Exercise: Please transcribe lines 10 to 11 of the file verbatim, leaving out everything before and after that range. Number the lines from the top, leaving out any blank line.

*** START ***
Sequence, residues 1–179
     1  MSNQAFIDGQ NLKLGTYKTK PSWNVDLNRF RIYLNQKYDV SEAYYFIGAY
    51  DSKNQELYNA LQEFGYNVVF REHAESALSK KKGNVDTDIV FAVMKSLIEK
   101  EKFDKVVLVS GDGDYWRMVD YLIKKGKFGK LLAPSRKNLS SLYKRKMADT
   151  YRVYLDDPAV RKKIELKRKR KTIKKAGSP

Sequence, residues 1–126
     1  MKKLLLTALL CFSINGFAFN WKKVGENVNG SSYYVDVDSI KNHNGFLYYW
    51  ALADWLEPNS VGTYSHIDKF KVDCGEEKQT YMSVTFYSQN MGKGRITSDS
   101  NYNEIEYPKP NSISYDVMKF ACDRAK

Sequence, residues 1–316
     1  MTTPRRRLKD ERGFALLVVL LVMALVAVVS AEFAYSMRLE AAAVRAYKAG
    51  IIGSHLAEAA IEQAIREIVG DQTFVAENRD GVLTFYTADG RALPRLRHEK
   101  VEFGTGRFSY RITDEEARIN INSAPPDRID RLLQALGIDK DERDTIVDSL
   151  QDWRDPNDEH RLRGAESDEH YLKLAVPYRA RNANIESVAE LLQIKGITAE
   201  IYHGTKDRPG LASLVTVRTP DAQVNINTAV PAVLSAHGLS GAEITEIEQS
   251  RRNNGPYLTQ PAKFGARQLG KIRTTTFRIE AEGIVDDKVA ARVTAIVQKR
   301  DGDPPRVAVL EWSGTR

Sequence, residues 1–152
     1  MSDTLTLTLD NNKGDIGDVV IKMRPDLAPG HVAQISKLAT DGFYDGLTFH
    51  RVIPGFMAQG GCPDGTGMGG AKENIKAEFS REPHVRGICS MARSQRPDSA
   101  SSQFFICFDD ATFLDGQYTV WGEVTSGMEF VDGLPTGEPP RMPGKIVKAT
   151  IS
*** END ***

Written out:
Sequence, residues 1–316
     1  MTTPRRRLKD ERGFALLVVL LVMALVAVVS AEFAYSMRLE AAAVRAYKAG